Lonely, apart. But here it is. Prepare
To see the life as lively mocked as ever
Still sleep mocked death. Behold, and say ’tis well.

Perhaps Shakespeare uses the bear to symbolize the duality of Nature as a agent of death and the mother of life, to illustrate the cycle of seasons from winter to spring, from death to life as the Shepherd points out to the Clown: “Heavy matters, heavy matters. But look thee here, boy. Now bless thyself! thou mettest with things dying, I with things new-born. Here’s a sight for thee. Look thee, a bearing-cloth for a squire’s child” (III.iii.105-108).

If Paulina is the creative, nurturing she-bear, then Leontes is the antithetical bear of explosive rage and destruction, often thought to symbolize Leontes’ tyrannical authority, anger, and sexual aggressiveness (Bristol 160). The more Leontes’ sexual jealousy grows, the more vicious he becomes, and Biggins points out that carnivores, especially bears, appear frequently in Shakespearean imagery and in other Elizabethan literature as exemplars of “hideousness, ferocity, and savage, remorseless cruelty” (10). Much like a enraged bear and without provocation Leontes savagely attacks his wife: “I am glad you did not nurse him. / Though he does bear some signs of me, yet you / Have too much blood in him” (II.i.54-57) and is the indirect cause of his son’s death. “Bear the boy hence. He shall not come about her” (II.i.59). He trumps up toxic jealous sexual fantasies about his childhood friend and plots to murder him (I.ii.307-317) and, suspecting she is not his own, condemns his own offspring to a cruel death (II.iii.92-95). Biggins also remarks that while Leontes is never compared directly with a bear within the play, there are subtle references. Even now we often associate a person’s surly nature with that of a bear, and in a subtle pun, Leontes refers to himself as being baited by Paulina (13). “A callet / Of boundless tongue, who late hath beat her husband / And now baits me!” (II.iii.90-92).

The notion of the bear as a symbol of tyrannical authority extends to allegory. Renaissance England was simultaneously fascinated and repulsed by Ivan the Terrible and stories of his atrocities, and Daryl Palmer asserts that the bear in The Winter’s Tale alludes to Ivan IV, that Shakespeare was well aware of the bear’s symbolic and cultural associations–“ideas of winter and tyranny mingled with his audience’s taste for bearbaitings” (332). Palmer goes on to explain that when Ivan died in 1584, succession disputes rocked the empire, due in part to the emperor’s violence against his own children. In 1674 a historian concluded that Ivan killed his son “upon no other provocation than that of his violent temper” (332).

The existence of Ivan and Muscovy allowed English writers to imagine authority as a wild, raging bear, a creature of spectacle that entertained both kings and commoners alike. The trope of Ivan as beast fable enabled the English audience to become fanciful when thinking about political exigencies, to imagine that courtly capacities for envy and cruelty belonged to old tales from faraway lands of winter. (Palmer 333)

This becomes evident in The Winter’s Tale as the report of tyranny is passed from the shrilly righteous Paulina (III.ii.174-211) to the comical, ballad-hawking Autolycus (IV.iv.760-780) as he sets out to manipulate the Clown (Palmer 333). The Clown’s response sells a much more palatable kind of ruling authority: “He seems to be of great authority. Close with him, give him gold; and though authority be a stubborn bear, yet he is oft led by the nose with gold” (IV.iv.786-788).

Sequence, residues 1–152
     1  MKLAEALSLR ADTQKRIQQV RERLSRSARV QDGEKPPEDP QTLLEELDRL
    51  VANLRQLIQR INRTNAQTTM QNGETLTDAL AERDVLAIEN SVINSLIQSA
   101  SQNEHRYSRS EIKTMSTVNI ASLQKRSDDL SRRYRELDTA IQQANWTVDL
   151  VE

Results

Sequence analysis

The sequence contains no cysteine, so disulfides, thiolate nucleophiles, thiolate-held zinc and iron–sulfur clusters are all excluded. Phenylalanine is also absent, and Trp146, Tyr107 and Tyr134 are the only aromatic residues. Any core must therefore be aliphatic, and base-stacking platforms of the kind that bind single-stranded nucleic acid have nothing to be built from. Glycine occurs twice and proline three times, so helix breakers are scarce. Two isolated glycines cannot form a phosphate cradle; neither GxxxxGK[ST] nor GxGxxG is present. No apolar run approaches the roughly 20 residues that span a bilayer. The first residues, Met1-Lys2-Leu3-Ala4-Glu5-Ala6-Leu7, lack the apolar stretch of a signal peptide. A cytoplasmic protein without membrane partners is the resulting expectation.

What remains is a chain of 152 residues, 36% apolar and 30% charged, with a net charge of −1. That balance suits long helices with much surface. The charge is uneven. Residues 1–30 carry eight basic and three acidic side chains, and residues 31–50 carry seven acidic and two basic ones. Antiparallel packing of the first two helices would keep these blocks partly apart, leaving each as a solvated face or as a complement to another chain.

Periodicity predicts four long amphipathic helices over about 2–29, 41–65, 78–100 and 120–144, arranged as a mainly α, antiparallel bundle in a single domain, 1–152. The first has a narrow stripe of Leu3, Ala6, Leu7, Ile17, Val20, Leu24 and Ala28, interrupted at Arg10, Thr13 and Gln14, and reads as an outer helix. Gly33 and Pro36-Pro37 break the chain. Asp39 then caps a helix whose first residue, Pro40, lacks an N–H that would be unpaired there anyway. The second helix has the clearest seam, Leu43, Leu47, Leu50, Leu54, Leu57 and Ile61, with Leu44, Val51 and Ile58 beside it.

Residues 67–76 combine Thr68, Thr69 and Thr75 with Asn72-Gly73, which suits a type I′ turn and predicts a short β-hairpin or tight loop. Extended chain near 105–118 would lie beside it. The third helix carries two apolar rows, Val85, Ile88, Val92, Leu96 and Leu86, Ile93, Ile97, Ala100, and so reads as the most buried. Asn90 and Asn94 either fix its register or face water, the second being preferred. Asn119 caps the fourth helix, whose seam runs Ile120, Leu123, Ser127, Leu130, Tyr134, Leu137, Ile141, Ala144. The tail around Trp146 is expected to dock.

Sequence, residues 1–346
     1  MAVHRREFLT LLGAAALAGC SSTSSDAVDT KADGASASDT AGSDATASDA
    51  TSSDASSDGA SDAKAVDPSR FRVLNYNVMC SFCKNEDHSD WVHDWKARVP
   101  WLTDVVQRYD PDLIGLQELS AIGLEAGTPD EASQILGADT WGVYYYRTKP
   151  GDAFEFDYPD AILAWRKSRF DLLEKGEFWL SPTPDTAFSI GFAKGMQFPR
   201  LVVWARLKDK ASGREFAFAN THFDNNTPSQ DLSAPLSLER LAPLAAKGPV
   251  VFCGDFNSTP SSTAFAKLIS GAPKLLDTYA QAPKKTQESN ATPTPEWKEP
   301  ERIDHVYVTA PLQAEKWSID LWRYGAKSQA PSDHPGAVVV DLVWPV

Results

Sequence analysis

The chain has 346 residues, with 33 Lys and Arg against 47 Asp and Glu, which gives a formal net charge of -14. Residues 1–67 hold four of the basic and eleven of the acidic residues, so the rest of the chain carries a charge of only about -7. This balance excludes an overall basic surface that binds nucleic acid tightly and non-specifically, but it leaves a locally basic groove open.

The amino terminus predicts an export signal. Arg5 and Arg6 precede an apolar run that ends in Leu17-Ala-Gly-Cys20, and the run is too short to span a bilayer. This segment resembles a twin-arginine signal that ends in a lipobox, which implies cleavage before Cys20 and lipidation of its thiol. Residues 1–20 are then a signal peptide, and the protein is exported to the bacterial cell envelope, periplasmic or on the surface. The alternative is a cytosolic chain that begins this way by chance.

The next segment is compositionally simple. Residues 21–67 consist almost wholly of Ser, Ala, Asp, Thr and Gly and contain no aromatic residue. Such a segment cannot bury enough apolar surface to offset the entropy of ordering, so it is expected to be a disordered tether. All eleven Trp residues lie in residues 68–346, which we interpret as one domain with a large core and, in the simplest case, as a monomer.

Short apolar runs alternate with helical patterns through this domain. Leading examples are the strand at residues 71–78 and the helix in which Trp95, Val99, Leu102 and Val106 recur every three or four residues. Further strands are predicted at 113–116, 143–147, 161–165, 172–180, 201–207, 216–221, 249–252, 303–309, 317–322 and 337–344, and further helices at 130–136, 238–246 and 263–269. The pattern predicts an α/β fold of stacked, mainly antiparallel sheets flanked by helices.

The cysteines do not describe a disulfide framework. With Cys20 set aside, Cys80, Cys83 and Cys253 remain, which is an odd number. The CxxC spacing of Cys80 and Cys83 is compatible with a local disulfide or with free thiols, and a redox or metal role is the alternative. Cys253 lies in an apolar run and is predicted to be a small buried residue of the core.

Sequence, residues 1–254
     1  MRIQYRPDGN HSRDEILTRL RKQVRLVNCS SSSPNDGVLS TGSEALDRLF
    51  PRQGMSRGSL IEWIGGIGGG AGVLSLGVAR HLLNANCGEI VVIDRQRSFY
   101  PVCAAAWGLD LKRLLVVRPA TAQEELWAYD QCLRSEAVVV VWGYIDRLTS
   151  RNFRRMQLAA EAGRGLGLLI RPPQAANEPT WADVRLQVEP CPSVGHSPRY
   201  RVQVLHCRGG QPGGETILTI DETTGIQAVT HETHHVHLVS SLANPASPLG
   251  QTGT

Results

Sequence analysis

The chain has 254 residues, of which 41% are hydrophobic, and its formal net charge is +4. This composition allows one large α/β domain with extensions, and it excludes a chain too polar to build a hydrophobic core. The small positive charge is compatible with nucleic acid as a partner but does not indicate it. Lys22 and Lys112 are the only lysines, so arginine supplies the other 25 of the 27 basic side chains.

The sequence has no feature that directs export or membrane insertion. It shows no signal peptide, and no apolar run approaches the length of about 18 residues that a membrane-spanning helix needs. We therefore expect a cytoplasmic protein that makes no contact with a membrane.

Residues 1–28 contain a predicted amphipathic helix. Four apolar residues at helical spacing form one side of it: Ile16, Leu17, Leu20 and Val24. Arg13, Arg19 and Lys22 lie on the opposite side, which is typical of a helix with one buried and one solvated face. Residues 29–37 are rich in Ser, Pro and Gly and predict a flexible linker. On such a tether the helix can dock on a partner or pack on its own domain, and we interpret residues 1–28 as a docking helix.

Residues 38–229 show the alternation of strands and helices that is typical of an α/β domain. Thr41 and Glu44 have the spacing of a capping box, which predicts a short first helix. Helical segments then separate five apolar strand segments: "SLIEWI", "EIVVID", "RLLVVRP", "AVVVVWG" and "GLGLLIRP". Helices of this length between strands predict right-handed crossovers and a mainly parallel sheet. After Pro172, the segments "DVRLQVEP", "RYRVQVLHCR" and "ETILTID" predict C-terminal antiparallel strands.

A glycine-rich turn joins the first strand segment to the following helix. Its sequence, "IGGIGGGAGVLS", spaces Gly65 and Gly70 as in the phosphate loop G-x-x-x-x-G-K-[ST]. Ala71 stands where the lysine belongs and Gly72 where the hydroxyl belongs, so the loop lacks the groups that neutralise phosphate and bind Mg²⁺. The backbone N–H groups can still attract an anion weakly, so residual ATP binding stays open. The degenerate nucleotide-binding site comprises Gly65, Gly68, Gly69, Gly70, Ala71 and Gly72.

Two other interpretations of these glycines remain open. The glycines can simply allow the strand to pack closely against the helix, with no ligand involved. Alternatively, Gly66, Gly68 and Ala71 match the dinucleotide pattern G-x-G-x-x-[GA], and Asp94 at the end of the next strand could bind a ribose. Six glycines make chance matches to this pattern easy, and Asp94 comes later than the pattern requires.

In the final analysis, what initially seems to be a quirky head-scratcher emerges as a complex, multifaceted, and significant element of The Winter’s Tale. Any and all of these interpretations of the meaning and presence of the bear seem valid, none exclusive of another, and quite possibly all active players in the playwright’s consciousness as he crafted his masterful, folksy tale about the tyranny of secular authority, popular culture, social change and self-transformation, and more. As I conclude, my mind wanders to other possibilities and interpretations–the biblical bear of the Four Beasts from the book of Daniel with the three ribs between its teeth crying, “Arise, devour much flesh” (Daniel 7:5), or the possible reinvention of Antigonus into Autolycus, from lord to rogue, from manipulated to manipulator, their similar shoulder wounds, and the link from Odysseus’ boar to Antigonus’ bear, from Odysseus to Antigonus to Autolycus (Shoptaw 229-230)–and I suspect I’ve just barely scratched the surface in understanding Shakespeare’s bear, much less his genius.

Work Cited

“Antigonus/Monophthalmus.” Britannica Concise Encyclopedia. Encyclopaedia Britannica Premium Service. http://www.britannica.com/ebc/article?eu=380807 (24 Nov. 2003).

Biggins, Dennis. “‘Exit Pursued by a Beare’: A Problem in The Winter’s Tale.” Shakespeare Quarterly 13.1 (Winter 1962): 3-13.

Bristol, Michael D. “In Search of the Bear: Spatialtemporal Form and the Heterogeneity of Economies in The Winter’s Tale.” Shakespeare Quarterly 42.2 (Summer 1991): 145-167.

Bryant, Jerry H. “The Winter’s Tale and the Pastoral Tradition.” Shakespeare Quarterly 14.4 (Autumn 1963): 387-398.

Coghill, Nevill. “Six Points of Stage-Craft in The Winter’s Tale.” Shakespeare Survey 11 (1958): 31-41.

Gurr, Andrew. “The Bear, the Statue, and Hysteria in The Winter’s Tale.” Shakespeare Quarterly 34.4 (Winter 1983): 420-425.

Hartwig, Joan. “The Tragicomic Perspective of The Winter’s Tale.” ELH 37.1 (March 1970): 12-36.

Ladurie, Emmanuel Le Roy. “The Winter Festival” in Carnival in Romans. Trans. Mary Feeney. New York: George Braziller, 1979. 305-324.

Lim, Walter S. H. “Knowledge and Belief in The Winter’s Tale.” Studies in English Literature 1500-1900 41.2 (2001): 317-334.

Newcomb, Lori Humphrey. “‘Social Things’: The Production of Popular Culture in the Reception of Robert Greene’s Pandosto.” ELH 61.4 (1994): 753-781.

Palmer, Daryl W. “Jacobean Muscovites: Winter, Tyranny, and Knowledge in The Winter’s Tale.” Shakespeare Quarterly 46.3 (Autumn 1995): 323-339.

Shoptaw, John. “Lyric Cryptography.” Poetics Today 21.1 (2000): 221-262.

The Winter’s Tale. William Shakespeare: The Complete Works. The Pelican Text Revised. New York: The Viking Press, 1969. 1337-1368.

Wright, Anne. “Ursa Major: The Greater Bear.” http://www.winshop.com.au/annew/UrsaMajor (24 Nov. 2003).